Buccaneers: Jabril Peppers Mocked at Number 19 by Rob Rang

Oct 29, 2016; East Lansing, MI, USA; Michigan Wolverines linebacker Jabrill Peppers (5) during the second half of a game against the Michigan State Spartans at Spartan Stadium. Mandatory Credit: Mike Carter-USA TODAY Sports
Oct 29, 2016; East Lansing, MI, USA; Michigan Wolverines linebacker Jabrill Peppers (5) during the second half of a game against the Michigan State Spartans at Spartan Stadium. Mandatory Credit: Mike Carter-USA TODAY Sports /

Rob Rang mocked safety Jabrill Peppers to the Buccaneers at number 19. Is this the right move?

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It’s mock draft season, Buccaneers fans. As the NFL prepares for the Combine workouts and the draft, we all try to handicap exactly what our teams are going to do when they go on the clock. They are watching film and workouts, we are watching clips, reading stats, and trying to predict.

All over the map, the mocks will be coming in. They will appear, they will morph as workouts occur, as rumors come out, …etc. As the weeks go by the mock drafts will take shape as we try to figure out what our teams are going to do. Who is going to select the next J.J. Watt? What about the next Julio Jones? Or even the next Tom Brady? Who is calling their name at the NFL draft.

That’s for all of us to try and guess.

Today we are looking at a mock from CBS Sports expert Rob Rang. He believes that the Bucs are going to go defense with their first round pick, specifically, Jabrill Peppers from Michigan. Here is what he had to say:

"The Bucs’ duo at safety of Chris Conte and Bradley McDougald is one of the league’s least athletic. That certainly is not the case with Peppers, who wowed with his athleticism and instincts regardless of where the Wolverines lined up him."

Interesting choice. Here are his stats during his days as a Wolverine:

TacklesDef IntFumbles
2014MichiganBig TenFRDB36280.00.0000000
*2015MichiganBig TenSOS123411455.50.00001000
2016MichiganBig TenJRLB1246206613.03.011111.00100

Clearly, Peppers is what you would call a “hybrid” player. He fits the mold of a strong safety, as he is a guy that makes a lot of tackles and can even come up and play the linebacker position. Another player that has become that type is Mark Barron, currently with the Los Angeles Rams, so there is a place for players of this caliber.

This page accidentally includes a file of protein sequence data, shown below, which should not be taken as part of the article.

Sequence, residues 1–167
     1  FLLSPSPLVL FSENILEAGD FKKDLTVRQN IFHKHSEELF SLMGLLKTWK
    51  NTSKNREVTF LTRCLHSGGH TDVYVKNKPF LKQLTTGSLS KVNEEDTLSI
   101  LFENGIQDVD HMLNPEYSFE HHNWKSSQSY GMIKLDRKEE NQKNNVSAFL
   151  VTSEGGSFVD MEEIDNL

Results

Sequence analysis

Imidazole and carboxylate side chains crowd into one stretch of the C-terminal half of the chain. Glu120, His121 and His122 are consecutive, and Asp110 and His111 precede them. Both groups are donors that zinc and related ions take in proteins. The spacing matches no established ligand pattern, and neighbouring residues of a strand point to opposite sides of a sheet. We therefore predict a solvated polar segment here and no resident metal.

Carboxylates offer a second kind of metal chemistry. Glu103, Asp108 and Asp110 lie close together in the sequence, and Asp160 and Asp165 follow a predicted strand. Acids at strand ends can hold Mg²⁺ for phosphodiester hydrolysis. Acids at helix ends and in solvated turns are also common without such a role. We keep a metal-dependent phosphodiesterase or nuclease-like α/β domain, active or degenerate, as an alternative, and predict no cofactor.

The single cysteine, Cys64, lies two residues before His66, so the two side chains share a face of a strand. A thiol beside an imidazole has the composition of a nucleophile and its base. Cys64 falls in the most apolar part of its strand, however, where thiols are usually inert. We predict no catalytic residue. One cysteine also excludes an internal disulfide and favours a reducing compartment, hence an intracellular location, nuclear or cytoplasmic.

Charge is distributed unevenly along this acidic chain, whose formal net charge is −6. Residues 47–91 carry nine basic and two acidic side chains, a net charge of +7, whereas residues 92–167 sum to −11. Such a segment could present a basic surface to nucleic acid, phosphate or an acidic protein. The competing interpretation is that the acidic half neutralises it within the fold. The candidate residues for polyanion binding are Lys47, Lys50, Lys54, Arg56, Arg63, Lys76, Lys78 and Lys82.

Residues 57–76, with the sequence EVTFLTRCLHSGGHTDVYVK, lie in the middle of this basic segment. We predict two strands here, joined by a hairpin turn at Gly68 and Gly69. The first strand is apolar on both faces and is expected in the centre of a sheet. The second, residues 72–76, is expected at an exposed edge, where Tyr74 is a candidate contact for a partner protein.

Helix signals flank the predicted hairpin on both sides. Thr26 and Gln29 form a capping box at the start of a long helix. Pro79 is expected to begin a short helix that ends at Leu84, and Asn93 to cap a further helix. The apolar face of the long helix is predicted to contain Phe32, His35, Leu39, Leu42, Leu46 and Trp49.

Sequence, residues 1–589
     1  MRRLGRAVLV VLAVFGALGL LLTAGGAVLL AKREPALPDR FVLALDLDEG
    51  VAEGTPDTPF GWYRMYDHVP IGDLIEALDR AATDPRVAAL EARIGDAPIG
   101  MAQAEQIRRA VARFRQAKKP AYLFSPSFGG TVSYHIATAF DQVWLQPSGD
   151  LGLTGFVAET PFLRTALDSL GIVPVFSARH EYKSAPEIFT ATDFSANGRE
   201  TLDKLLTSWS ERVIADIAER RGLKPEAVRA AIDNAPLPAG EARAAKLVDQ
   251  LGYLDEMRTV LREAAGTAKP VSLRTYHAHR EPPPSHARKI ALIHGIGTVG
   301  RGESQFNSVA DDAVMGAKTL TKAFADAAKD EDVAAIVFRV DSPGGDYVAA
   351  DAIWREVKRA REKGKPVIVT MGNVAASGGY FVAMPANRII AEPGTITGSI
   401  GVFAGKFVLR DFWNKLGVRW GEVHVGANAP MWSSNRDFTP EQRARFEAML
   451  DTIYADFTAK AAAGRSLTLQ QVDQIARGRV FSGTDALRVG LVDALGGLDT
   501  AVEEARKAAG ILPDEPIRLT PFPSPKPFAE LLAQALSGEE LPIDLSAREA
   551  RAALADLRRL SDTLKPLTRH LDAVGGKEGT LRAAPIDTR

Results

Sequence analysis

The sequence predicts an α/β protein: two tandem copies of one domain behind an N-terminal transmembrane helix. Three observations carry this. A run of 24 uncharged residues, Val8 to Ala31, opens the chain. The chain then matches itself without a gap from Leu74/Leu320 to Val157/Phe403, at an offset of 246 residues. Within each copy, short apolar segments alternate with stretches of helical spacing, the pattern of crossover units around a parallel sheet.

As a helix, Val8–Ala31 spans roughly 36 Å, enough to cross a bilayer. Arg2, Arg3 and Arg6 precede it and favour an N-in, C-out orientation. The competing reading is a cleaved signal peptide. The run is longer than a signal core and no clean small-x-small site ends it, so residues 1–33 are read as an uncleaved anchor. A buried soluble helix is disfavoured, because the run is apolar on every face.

Here are some of his key strengths, courtesy of Erik Lambert from NFL Mocks:

"Athleticism and speed jump off the screen right away. Lots of range and tremendous as a kick and punt returner. Can also be utilized on offense as a running back.When he gets a bead on the ball he comes downhill hard and with authority. Mix of speed and size allow him to deliver some hard hits and make consistent plays in the backfield."

However, it’s not all rosy for Mr. Peppers. Here are a couple of his noted weaknesses:

"A classic elite athlete who is good at most positions but has failed to master any. Not a great running back or safety. Best plays have come in the return game.Bad habit of going for the shoulder hit rather than actually trying to wrap up. Has led to more than a few bad missed tackles."

We’ll talk about those, but let’s first look at some tape.

There is a lot to like here. Peppers is not a guy that receivers will enjoy going over the middle against, as he can deliver a blow. His pursuit of the ball is relentless and his motor cannot be stopped. He has good enough speed that he can chase guys down from behind, which isn’t all too common.

But he is clearly an “in the box” safety who doesn’t appear comfortable when out in coverage. Even on the tape, he was not fluid. The play may not have gone his way, but you could see him get turned the wrong way on more than one occasion. He just doesn’t have the same instincts in coverage as he does playing close to the line of scrimmage.

Being a hybrid simply makes Peppers a hard player to handicap, and it seems the experts agree. If you look at the NFL.com mock drafts right now, you will find Peppers going anywhere from high in the first round to not at all. That’s the difficulty with a player of this type. What position does he really fit into when he comes to the pros? It’s not the easiest question to answer. Barron took some time before he found his niche as a linebacker.

Next: Bucs Free Agent Outlook Part I

Would bringing Peppers in be a “bad” move? No, as it is clear the guy is talented. He would bring a presence to the Bucs secondary. The question is whether or not number 19 is the right spot. To me, they would be better served looking for an offensive weapon there. With players like O.J. Howard, Corey Davis and Mike Williams off of the board, a guy like John Ross is worth considering.

But, I don’t think anyone can be angry if Licht went this way. What do you think?